2001-01-01T23:59:59.000Z

405

Interplay of superconductivity, magnetism, and density waves in rare-earth tritellurides and iron-based superconducting materials.  

E-Print Network (OSTI)

??Superconductivity, charge- and spin-density waves are collective electronic phenomena that originate from electron-electron and electron-phonon interactions, and the concept of Fermi surface competition between these… (more)

Zocco, Diego Andrés

2011-01-01T23:59:59.000Z

406

Security Clearances; Limitations  

Energy.gov (U.S. Department of Energy (DOE)) Indexed Site

SEC. 1072. SECURITY CLEARANCES; LIMITATIONS. SEC. 1072. SECURITY CLEARANCES; LIMITATIONS. (a) In General.-Title III of the Intelligence Reform and Terrorism Prevention Act of 2004 (50 U.S.C. 435b) is amended by adding at the end the following new section: "SEC. 3002. SECURITY CLEARANCES; LIMITATIONS. "(a) Definitions.-In this section: "(1) Controlled substance.-The term `controlled substance' has the meaning given that term in section 102 of the Controlled Substances Act (21 U.S.C. 802). "(2) Covered person.-The term `covered person' means- "(A) an officer or employee of a Federal agency; "(B) a member of the Army, Navy, Air Force, or Marine Corps who is on active duty or is in an active status; and "(C) an officer or employee of a contractor of a Federal agency.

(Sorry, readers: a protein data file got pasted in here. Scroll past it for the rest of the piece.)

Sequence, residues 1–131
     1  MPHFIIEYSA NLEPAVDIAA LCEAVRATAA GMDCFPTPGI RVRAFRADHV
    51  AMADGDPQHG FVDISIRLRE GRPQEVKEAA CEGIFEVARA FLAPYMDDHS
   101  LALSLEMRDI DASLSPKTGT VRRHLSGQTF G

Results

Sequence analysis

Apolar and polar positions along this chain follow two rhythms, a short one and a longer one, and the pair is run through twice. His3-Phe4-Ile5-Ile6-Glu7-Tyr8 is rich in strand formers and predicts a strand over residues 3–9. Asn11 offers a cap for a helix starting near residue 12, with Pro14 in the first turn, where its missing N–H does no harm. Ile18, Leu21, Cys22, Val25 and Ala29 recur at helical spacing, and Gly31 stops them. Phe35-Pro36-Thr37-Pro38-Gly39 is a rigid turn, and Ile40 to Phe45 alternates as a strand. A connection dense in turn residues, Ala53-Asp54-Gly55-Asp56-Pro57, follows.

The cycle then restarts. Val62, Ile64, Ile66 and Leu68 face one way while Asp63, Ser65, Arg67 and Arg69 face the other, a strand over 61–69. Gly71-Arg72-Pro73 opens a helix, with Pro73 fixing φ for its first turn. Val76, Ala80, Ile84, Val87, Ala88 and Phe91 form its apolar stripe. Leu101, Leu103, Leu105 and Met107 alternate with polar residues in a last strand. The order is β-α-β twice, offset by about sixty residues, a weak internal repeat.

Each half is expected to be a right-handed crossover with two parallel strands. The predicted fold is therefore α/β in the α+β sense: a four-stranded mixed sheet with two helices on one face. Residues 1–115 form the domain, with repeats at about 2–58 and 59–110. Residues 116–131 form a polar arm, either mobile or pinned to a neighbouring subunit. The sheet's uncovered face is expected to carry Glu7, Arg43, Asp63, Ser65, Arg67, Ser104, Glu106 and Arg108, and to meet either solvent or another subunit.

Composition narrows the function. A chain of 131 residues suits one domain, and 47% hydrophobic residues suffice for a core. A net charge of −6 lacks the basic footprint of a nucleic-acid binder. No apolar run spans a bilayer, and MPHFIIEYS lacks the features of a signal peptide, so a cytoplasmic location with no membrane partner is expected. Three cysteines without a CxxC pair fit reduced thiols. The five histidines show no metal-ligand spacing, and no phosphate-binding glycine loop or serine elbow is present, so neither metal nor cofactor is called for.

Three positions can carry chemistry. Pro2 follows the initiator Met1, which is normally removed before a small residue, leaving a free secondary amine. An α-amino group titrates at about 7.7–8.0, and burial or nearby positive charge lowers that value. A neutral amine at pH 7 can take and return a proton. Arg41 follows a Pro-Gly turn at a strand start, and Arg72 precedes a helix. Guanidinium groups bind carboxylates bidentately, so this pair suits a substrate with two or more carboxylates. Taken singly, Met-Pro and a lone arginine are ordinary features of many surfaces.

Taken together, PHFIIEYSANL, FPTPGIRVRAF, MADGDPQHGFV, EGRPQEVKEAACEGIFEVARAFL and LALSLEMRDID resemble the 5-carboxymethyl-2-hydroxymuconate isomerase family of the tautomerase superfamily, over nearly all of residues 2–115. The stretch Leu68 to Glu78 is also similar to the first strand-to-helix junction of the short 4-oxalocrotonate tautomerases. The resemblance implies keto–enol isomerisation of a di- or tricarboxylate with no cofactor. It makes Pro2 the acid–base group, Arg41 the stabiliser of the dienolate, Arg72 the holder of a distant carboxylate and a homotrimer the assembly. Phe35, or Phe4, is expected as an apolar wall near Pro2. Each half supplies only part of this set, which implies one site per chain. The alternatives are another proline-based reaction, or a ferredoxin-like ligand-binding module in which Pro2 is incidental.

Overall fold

407

PURPA and Superconducting Magnetic Energy Storage: Energy Conservation, Environmental Protection and Entrepreneurial Opportunity in the Next Technological Revolution  

E-Print Network (OSTI)

1988] SUPERCONDUCTING MAGNETIC ENERGY STORAGE Corp. ,60 theSupercon- ducting Magnetic Energy Storage, 2 SUPERCURRENTS1988] SUPERCONDUCTING MAGNETIC ENERGY STORAGE facilities (

Bovett, Robert E.

1988-01-01T23:59:59.000Z

408

Imaging Techniques for Relativistic Beams: Issues and Limitations  

Science Conference Proceedings (OSTI)